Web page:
Boise State University’s School of Public Service released its eighth annual Idaho Public Policy Survey to gain insight into Idahoan’s opinions about the direction of the state and policies legislators should seek to implement.
Early on in the survey, respondents were asked how important certain issues were for the Idaho State Legislature to address. According to the survey, the top two legislative priorities remain unchanged from years past.
“Education is a priority,” said Sen. Doug Ricks. “It always has been. We want a good education for our children and adults so education is always a big, big issue.”
Ricks said this priority has impacted the types of bills being brought forth in the legislature with many focusing on education whether that’s in elementary school, high school or college.
The survey revealed the desire for education reform in Idaho based on how a majority of Idahoans ranked K-12 public schools throughout the state. Majorities of all party identifications provided an unfavorable assessment by rating K-12 public schools as either fair or poor.
When asked about top priorities for K-12 education, results fell into six categories: Academic content, academic quality, funding, policy/programmatic changes, teacher support and other.
During a 2022 special session, the Idaho Legislature passed legislation transferring $330 million in sales tax collected to the K-12 public school fund. Respondents did not hesitate to express how they wished the money to be spent.
A significant number of those surveyed said the money should be used to increase teacher pay, which is something Governor Brad Little mentioned he would fight for in his State of the State speech last month.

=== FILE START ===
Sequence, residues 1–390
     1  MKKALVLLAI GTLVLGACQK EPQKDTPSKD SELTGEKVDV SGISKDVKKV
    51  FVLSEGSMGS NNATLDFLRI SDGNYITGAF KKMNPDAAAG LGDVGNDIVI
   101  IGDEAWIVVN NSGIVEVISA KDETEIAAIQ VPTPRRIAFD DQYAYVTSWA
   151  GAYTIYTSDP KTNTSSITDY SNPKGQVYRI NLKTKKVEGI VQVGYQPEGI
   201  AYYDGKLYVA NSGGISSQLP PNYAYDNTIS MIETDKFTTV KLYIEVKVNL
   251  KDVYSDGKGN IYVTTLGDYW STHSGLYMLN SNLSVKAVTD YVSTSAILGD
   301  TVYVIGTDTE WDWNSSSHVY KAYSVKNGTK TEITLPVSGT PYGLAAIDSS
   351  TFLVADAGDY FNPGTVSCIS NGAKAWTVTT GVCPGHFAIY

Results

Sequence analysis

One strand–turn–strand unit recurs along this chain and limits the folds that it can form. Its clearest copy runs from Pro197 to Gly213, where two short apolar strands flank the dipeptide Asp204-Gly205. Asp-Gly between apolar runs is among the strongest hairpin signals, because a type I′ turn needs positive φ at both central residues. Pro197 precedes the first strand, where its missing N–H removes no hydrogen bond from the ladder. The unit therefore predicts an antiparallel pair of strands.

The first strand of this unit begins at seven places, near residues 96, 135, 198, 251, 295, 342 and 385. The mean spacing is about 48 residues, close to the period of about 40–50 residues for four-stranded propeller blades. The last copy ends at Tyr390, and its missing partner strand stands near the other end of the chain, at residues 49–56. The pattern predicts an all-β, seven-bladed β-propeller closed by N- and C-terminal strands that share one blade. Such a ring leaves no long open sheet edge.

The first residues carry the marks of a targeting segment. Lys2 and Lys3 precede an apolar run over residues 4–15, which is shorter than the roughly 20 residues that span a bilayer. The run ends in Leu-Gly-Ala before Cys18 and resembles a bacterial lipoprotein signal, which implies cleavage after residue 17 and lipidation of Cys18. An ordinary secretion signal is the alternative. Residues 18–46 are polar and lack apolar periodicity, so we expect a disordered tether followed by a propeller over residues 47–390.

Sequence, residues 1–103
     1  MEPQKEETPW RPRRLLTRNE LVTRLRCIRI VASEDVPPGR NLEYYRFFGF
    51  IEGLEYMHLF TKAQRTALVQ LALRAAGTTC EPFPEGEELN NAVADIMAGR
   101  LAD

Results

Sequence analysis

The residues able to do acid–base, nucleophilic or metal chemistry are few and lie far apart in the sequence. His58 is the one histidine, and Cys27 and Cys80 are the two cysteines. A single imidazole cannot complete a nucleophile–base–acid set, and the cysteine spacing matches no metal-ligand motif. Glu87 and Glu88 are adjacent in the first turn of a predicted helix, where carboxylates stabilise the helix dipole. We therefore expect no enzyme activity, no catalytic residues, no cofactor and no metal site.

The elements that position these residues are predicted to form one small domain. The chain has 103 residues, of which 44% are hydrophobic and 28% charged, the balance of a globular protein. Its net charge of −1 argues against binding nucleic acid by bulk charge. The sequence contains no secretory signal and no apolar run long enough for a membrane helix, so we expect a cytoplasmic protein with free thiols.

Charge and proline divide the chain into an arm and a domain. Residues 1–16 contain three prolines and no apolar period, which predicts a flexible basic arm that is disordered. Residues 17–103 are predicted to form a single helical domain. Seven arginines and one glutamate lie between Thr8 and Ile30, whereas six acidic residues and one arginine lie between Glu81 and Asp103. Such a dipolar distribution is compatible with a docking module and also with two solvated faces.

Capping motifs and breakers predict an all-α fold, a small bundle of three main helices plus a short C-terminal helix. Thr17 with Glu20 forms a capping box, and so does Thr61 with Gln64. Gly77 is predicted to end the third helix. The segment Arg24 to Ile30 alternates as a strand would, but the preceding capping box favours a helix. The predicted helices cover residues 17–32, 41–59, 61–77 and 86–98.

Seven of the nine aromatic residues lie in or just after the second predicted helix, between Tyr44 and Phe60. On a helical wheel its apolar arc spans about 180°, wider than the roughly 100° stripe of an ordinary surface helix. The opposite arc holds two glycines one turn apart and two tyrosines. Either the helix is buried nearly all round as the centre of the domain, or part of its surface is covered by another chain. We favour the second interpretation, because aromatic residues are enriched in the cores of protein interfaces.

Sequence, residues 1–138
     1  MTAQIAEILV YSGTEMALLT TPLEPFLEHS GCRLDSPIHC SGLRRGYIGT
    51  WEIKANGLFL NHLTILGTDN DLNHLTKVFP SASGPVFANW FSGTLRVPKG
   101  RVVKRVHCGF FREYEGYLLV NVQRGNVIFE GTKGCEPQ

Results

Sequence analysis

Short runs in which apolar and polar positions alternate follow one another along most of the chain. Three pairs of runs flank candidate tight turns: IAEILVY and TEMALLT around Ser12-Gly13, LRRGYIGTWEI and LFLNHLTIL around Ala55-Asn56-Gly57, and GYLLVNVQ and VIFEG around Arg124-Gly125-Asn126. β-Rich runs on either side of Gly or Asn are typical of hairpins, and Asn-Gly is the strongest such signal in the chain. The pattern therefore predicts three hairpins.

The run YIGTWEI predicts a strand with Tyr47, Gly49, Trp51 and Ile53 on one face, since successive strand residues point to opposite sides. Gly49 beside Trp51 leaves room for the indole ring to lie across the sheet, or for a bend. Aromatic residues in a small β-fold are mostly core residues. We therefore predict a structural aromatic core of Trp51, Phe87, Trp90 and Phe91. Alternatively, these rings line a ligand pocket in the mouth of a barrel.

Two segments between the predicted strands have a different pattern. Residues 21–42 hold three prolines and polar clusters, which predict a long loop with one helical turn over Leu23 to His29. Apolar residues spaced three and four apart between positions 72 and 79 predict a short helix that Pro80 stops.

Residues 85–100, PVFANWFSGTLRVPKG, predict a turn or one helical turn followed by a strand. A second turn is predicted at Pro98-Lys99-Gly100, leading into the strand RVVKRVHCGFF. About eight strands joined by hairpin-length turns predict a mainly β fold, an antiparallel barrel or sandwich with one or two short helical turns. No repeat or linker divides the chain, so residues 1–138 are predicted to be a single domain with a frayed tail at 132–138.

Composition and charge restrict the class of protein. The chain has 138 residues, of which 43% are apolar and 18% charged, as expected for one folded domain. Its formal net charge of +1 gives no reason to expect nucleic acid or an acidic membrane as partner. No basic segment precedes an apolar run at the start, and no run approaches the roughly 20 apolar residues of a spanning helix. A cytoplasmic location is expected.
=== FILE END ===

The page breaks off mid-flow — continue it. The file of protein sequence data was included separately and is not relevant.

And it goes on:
Taxing and budgeting
When the survey was conducted last November, the state of Idaho planned to have a budget surplus of $1 billion. Surveyors were asked how and where they feel the money should be spent.
The most popular response was giving tax relief to Idahoans. When it came to what type of tax relief would be preferred, 41% of surveyors said they would prefer property tax relief.
This desire for property tax relief reflects Idahoans’ increased concern over high property taxes. Fifty-six percent of Idahoans say that property taxes in Idaho are too high, which is a 10-point increase over last year.
“We hear more from people about property tax than anything else,” Ricks said.
Impact on legislators
Ricks said surveys like the Idaho Public Policy survey help him and his colleagues serve their constituents better.
“The more we understand what is perceived by the public as important, it helps us as we’re trying to figure out policy,” Ricks said. “We have, especially with education, tried to put forth things that would be beneficial and helpful in those regards. It does help. It really does by having some of those surveys.”
You can read more about the survey results here.